Seriously, is it really that much to ask? | HR Fishbowl | HR Fishbowl

Written on May 5, 2010 by Charlie in Career, Employee Engagement checklist-8317598

Most of you know that I’m out in the job market.  2.5 good years with my most recent employer ended only after a long drawn out bankruptcy and capital restructuring effort.  As with all experiences, I am thankful for my time there – learned a lot along the way.  As I contemplate my next move – a task I’m taking quite seriously – I’ve begun to inventory those things that would bring meaning to any new role I pursue. This seems to be an important exercise.  And here’s what I have so far.  I want a job where:

  • I can say whatever to whomever whenever;
  • I am allowed to take one or two “do-overs” a week without penalty (I’m tired of learning from mistakes and would just as soon erase them);
  • I avoid ever having to be on a conference call that lasts more than 15 minutes;
  • my boss sits down with me for 1/2 hour every month just to talk about ME and MY performance…without being asked to do so;
  • I spend more time hanging out with people than I do sitting in front of a computer;
  • I am less experienced than most every one in the room;
  • paid sabbaticals are required from time to time;
  • people care about their physical, mental, and spiritual health;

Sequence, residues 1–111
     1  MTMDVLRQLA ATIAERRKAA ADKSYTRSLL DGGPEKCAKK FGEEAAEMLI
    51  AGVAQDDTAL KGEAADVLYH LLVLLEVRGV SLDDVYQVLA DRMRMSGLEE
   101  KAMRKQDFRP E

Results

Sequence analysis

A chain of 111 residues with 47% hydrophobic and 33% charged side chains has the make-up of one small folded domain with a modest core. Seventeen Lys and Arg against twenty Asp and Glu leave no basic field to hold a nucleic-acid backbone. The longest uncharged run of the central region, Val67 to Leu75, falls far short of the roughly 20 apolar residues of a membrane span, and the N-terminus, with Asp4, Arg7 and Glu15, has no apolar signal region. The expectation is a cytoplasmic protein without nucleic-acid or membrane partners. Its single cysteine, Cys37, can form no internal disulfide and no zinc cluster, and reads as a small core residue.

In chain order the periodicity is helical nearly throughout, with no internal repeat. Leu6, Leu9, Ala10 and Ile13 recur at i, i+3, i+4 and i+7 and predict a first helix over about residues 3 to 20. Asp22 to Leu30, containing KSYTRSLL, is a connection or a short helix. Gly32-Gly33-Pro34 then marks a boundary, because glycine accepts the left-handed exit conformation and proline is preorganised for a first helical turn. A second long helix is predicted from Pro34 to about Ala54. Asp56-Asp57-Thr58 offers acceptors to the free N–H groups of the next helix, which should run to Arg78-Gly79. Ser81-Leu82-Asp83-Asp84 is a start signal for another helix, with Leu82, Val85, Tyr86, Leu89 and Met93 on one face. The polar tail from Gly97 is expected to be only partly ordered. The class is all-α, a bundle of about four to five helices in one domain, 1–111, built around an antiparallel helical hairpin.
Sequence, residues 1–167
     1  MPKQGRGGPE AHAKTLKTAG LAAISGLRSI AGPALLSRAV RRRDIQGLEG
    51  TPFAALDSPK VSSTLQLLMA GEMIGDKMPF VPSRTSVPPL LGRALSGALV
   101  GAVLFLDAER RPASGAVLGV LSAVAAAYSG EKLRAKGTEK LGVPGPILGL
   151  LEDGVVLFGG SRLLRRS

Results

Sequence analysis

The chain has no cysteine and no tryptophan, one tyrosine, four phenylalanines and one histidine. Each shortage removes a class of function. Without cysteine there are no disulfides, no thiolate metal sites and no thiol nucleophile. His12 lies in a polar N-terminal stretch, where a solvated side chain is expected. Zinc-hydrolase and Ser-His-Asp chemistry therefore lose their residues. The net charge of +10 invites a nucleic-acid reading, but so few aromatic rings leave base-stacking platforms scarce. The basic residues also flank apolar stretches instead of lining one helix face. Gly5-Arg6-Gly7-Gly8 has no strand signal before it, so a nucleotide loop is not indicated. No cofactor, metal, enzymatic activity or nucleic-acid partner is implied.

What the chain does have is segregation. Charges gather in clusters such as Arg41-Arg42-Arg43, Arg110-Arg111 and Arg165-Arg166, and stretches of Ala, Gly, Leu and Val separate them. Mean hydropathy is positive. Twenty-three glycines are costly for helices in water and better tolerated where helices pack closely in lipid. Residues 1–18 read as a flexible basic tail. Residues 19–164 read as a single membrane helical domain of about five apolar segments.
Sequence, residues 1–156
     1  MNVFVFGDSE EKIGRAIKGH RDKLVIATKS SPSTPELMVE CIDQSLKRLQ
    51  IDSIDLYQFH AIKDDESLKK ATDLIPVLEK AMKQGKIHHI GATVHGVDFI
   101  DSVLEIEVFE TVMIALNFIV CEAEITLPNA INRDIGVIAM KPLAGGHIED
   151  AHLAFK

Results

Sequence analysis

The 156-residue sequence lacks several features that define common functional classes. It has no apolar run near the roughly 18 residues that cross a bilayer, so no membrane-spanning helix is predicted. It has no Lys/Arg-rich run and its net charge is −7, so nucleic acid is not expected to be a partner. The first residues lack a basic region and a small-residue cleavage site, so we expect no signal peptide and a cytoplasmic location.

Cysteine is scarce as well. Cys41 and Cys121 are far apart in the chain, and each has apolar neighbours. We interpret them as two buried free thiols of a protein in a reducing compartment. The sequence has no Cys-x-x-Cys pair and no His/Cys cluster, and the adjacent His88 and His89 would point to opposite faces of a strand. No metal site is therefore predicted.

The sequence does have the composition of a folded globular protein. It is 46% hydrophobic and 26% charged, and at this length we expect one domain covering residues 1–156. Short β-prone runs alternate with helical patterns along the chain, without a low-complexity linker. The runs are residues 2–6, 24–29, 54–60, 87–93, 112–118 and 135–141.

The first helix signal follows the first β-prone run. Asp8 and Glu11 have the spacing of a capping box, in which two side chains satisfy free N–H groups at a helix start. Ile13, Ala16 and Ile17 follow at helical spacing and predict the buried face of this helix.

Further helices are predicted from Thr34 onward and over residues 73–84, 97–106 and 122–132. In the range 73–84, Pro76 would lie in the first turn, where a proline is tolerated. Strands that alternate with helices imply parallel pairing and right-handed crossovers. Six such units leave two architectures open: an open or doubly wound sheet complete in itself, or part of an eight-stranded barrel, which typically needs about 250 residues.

• there are no “sacred cows”;
  • I can challenge the status quo without fear of my political demise;
  • titles and reporting structures mean less than what you actually bring to the table; and who’s at the table has less to do with what your title is or who you report to;
  • one is permitted to use a cricket bat to whack egregious jerks on their heads;
  • I get to work in the great outdoors from time to time;
  • I travel enough to get a break but not so much that I miss out at home;
  • people are better at fixing the problems than they are talking about them;
  • one can get a cold beer from the soda (pop) machine;
  • backstabbing, drama, gossiping, and immaturity are terminable offenses;
  • I get to work with people outside of the US often;
  • people smile and say good morning and genuinely care about what’s going on in your life;
  • most people are there because they want to be, not because they have to be;
  • most people don’t look like I do or come from the same place as I do;
  • forms, policies, procedures, and protocols are there only as they absolutely and positively have to be;
  • the base compensation is fair and reasonable, yet making a ton of money for extraordinary contributions is not an impossibility;
  • retention is an outcome, not a program;
  • we laugh and laugh and laugh and laugh…

This list will continue to grow – of that I am sure.  But even as it stands, I really don’t think I’m asking for that much.

Related Posts:

6 Comments – Leave a comment!

Leave a Comment